We’re here with practical legal information for your business. Learn about employment law, company law and more.

Setting up a business involves complying with a range of legal requirements. Find out which ones apply to you and your new enterprise.

While poor governance can bring serious legal consequences, the law can also protect business owners and managers and help to prevent conflict.

Whether you want to raise finance, join forces with someone else, buy or sell a business, it pays to be aware of the legal implications.

From pay, hours and time off to discipline, grievance and hiring and firing employees, find out about your legal responsibilities as an employer.

Marketing matters. Marketing drives sales for businesses of all sizes by ensuring that customers think of their brand when they want to buy.

Commercial disputes can prove time-consuming, stressful and expensive, but having robust legal agreements can help to prevent them from occurring.

Whether your business owns or rents premises, your legal liabilities can be substantial. Commercial property law is complex, but you can avoid common pitfalls.

With information and sound advice, living up to your legal responsibilities to safeguard your employees, customers and visitors need not be difficult or costly.

As information technology continues to evolve, legislation must also change. It affects everything from data protection and online selling to internet policies for employees.

Intellectual property (IP) isn't solely relevant to larger businesses or those involved in developing innovative new products: all products have IP.

Knowing how and when you plan to sell or relinquish control of your business can help you to make better decisions and achieve the best possible outcome.

From bereavement, wills, inheritance, separation and divorce to selling a house, personal injury and traffic offences, learn more about your personal legal rights.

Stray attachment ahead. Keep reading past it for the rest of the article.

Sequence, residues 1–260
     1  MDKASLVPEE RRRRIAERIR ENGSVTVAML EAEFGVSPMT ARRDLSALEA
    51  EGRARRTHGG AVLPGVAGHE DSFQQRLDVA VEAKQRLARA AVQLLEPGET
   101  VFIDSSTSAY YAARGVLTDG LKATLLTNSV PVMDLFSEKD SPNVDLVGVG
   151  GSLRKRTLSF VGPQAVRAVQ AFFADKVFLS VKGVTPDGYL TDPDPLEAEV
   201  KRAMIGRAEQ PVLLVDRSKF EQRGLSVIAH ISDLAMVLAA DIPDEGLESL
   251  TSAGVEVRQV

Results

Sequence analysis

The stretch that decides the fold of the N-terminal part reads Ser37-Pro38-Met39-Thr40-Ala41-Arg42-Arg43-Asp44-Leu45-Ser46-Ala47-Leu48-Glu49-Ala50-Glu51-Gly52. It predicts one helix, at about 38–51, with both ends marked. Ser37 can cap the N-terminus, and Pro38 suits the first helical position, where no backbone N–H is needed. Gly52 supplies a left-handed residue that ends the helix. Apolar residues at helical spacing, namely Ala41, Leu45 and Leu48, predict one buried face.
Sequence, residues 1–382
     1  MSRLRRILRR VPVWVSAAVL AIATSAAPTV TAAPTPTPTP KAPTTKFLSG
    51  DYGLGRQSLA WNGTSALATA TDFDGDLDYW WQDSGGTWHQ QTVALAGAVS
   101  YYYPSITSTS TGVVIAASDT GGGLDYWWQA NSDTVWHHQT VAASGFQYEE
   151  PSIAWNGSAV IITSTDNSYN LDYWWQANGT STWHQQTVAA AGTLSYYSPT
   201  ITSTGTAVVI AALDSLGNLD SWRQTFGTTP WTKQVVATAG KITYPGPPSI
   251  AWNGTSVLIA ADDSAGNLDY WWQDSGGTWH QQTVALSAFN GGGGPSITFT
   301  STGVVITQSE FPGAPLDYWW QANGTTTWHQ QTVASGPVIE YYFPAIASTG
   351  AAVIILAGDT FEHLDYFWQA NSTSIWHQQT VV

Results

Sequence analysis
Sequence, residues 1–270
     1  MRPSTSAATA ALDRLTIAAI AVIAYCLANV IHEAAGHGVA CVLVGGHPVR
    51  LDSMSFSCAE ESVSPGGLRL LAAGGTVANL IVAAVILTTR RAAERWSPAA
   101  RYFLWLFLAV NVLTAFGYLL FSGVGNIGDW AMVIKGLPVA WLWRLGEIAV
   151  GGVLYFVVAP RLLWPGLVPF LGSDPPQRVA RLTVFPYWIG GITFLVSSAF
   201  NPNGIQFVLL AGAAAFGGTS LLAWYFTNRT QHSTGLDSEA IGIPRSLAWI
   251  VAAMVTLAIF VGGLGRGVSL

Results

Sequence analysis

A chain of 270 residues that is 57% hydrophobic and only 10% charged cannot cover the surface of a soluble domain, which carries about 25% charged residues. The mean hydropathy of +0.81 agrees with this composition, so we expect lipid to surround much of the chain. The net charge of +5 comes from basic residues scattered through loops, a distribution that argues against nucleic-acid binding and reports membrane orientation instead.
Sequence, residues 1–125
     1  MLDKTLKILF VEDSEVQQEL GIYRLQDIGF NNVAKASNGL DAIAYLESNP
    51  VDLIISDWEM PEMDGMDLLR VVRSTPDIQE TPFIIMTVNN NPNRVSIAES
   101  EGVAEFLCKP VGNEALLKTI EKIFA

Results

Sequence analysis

Dealing with bad publicity - checklist

As a business owner you should always be prepared to deal with bad publicity and the effects it can have on your business. Follow these steps to minimise reputational damage and get things back on an even keel.

  • Assess where there is potential for bad publicity within your business and do what you can to resolve issues before they become a problem. For example, by returning poor quality products to a supplier, introducing stricter health and safety procedures or dealing with unhappy staff.
  • Be aware of the phenomenal speed at which information spreads, especially via social networking sites, and take quick action to counter bad news.
  • Remember you will not be the first to face trouble. Improve your strategy by looking to other companies who have successfully handled a similar crisis.
  • Keep people informed - staying silent about your situation is not likely to help anybody, so keep your employees, customers and suppliers up to date. This will benefit everyone by clearing up any misconceptions about your firm's state of affairs.
  • Counteract inaccuracies. For example, if you are aware of a Twitter campaign against you, 'tweet' your version of the story. Contact editors if incorrect information has been published, and use your own website and social media presence to dispel misconceptions.
  • Be prepared to say you are sorry. This does not amount to an admission of guilt but will demonstrate that you take your responsibilities seriously. It can also defuse a situation before it gets out of hand.
  • 'No comments' implies you are hiding something. Designate a spokesperson and ensure all of your staff knows that they should direct media enquiries to that person. This should be somebody who can stay calm in the face of pressure and possibly awkward questions.
  • Offer a written statement if appropriate. Ask what deadlines journalists face and try at least to offer a holding statement until a fuller explanation is ready.
  • Understand the media's need for a story. You may be able to deflect bad publicity by pointing out a bigger story elsewhere. You could also counterbalance bad publicity by pointing out, for example, how many satisfied customers you have.
  • Consider hiring a PR firm. In the case of true disaster - eg a faulty product that could be dangerous, an employee lawsuit, or even a fatality - you may need professional help.
  • When the dust has settled, review all incidents and consider ways you could have acted differently which would have led to a better outcome.
  • Rebuild your firm's reputation by generating good PR - for example, through supporting charity or promoting positive news stories. Build relations with journalists, so if there is a 'next time' they will have some prior understanding of you and your business.

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